Brittany Peck ~ Editor in Chief
The students and alumni of Lynchburg College appear to be torn as they choose sides on the matter of the installment of a new name for LC in the fall of 2018.
There are alumni and students on both sides of the spectrum, but if my sampling of them is an indication, the majority of both seem to be upset by the name change.
Alumnus David Hylton stated that he has more of an issue with how the name change was handled by LC than he does the actual name change.
He said that the school failed to explain the reasons for transferring to university status adequately and found that “many of [his] friends across multiple classes seemed to agree.”
Alumna Heather Mazur also said that she found the change to be unnecessary, even though she said she understood what the school was trying to do.
A lack of clarity or a disconnect in the line of communication was a concern for a number of the alumni and students.
Junior Savannah Mann was one example of a student that felt ignored by the decision to take on university in our name.
She stated that the town hall meetings were at inconvenient times for those who worked, and she felt that “there could have very easily been a public… forum posted on Moodle to gain [the students’] feedback and questions.”
Mann argued that the students should have the chance to vocalize themselves over how their tuition money will be spent.
There was also a number of students that brought up their unease over the possibility of an increase in tuition.
Junior Christine Britcher said that she is “concerned that the already high tuition fees at LC will go up even further upon the official name change… to cover the re-branding, marketing and media output that will come along with the new name.”
Vice President for Business and Finance, Stephen Bright stated that tuition will be addressed in a similar way to how it was in previous years. He believes that the school has been “very conservative” in the tuition increases that have occurred.
The school has also stated that tuition costs will not be set or changed by the claiming of university status.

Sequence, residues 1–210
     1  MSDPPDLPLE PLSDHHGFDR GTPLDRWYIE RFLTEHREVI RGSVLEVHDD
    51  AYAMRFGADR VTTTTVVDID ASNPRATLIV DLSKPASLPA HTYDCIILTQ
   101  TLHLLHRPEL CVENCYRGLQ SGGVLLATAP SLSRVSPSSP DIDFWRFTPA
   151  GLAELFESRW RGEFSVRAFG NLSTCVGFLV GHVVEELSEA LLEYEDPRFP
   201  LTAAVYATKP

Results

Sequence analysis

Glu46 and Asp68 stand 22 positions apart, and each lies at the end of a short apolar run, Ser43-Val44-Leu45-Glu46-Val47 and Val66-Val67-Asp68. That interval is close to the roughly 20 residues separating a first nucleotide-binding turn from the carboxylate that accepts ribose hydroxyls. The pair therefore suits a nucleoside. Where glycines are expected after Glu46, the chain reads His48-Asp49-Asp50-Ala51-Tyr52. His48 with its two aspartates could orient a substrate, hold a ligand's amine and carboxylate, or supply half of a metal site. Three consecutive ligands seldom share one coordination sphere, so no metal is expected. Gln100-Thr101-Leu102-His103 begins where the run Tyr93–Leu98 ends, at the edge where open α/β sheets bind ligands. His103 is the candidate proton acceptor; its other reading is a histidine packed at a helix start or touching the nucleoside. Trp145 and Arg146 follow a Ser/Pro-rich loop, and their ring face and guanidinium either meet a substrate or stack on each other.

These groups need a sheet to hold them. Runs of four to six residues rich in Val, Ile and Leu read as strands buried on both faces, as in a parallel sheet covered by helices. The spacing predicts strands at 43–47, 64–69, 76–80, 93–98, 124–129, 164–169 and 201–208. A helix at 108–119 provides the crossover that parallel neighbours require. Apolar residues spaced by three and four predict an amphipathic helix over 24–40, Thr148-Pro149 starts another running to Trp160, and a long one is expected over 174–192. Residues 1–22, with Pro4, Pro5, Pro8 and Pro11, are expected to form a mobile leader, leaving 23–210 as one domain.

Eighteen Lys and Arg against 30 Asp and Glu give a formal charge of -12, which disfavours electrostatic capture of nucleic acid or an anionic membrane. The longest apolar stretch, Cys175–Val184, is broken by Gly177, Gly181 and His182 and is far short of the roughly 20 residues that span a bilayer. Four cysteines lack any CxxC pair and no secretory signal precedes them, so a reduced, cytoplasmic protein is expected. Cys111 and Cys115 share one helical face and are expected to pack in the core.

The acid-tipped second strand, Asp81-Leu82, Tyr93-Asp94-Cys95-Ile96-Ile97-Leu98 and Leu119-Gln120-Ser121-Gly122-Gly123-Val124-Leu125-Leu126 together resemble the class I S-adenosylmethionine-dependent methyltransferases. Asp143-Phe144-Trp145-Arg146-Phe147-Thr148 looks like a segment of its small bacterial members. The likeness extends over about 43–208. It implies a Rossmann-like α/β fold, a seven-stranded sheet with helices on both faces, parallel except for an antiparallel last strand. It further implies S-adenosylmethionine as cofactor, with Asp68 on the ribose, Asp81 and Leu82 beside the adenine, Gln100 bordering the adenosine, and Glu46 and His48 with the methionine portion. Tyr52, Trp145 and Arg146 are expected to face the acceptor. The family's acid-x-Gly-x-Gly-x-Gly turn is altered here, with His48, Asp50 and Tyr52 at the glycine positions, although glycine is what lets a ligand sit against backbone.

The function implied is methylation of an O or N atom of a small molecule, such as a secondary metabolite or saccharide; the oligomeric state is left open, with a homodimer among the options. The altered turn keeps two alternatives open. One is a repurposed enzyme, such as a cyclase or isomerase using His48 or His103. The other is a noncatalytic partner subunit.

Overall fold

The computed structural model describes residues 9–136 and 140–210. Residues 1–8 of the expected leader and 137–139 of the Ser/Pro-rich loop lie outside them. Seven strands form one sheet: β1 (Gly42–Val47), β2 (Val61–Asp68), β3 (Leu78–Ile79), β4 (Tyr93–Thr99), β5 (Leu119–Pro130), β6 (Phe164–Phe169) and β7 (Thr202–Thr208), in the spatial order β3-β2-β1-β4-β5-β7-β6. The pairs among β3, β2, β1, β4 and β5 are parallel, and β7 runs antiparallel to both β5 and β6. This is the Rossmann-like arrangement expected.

Britcher also addressed the fear that the community and atmosphere of LC would change, but President Garren stated that LC is “not changing [its] focus.” It will always be centered on the students.
While LC’s mission is to keep the students the priority in making this transition, alumna Hunter Tyson feels as though her diploma has less significance without the existence of LC.
Assistant Vice President for College Communications and Marketing, Michael Jones said that “all of the work of [LC’s] strategic planning team to enhance engaged learning and build upon the college’s strengths… is designed to increase the value of a Lynchburg diploma.”
As a member of the first class graduating under the new name, junior Chelsey Fix said that she is “excited to be a symbol of a fresh start.”
She finds the name change to be a new beginning for LC, rather than the end she believes many of her classmates are seeing.
On the other hand, alumni Mariah Burgess and Rob Carter looked at the name change as a continuation of the strong Lynchburg legacy.
They both agreed that in a way it will always be LC to them, but, as Carter states “the University of Lynchburg will continue to showcase its community under the title it deserves.”
Burgess states that she is proud to be a part of the “college generation,” that will soon be in LC’s past, but she also finds that “this change shows the university is moving in a forward direction.”
Students and alumni both show some disagreement as well as some support. Garren responded with an encouragement to all who are worried to revisit the campus after the name change that the University of Lynchburg will still be focused on the students the same way it was when they went to LC.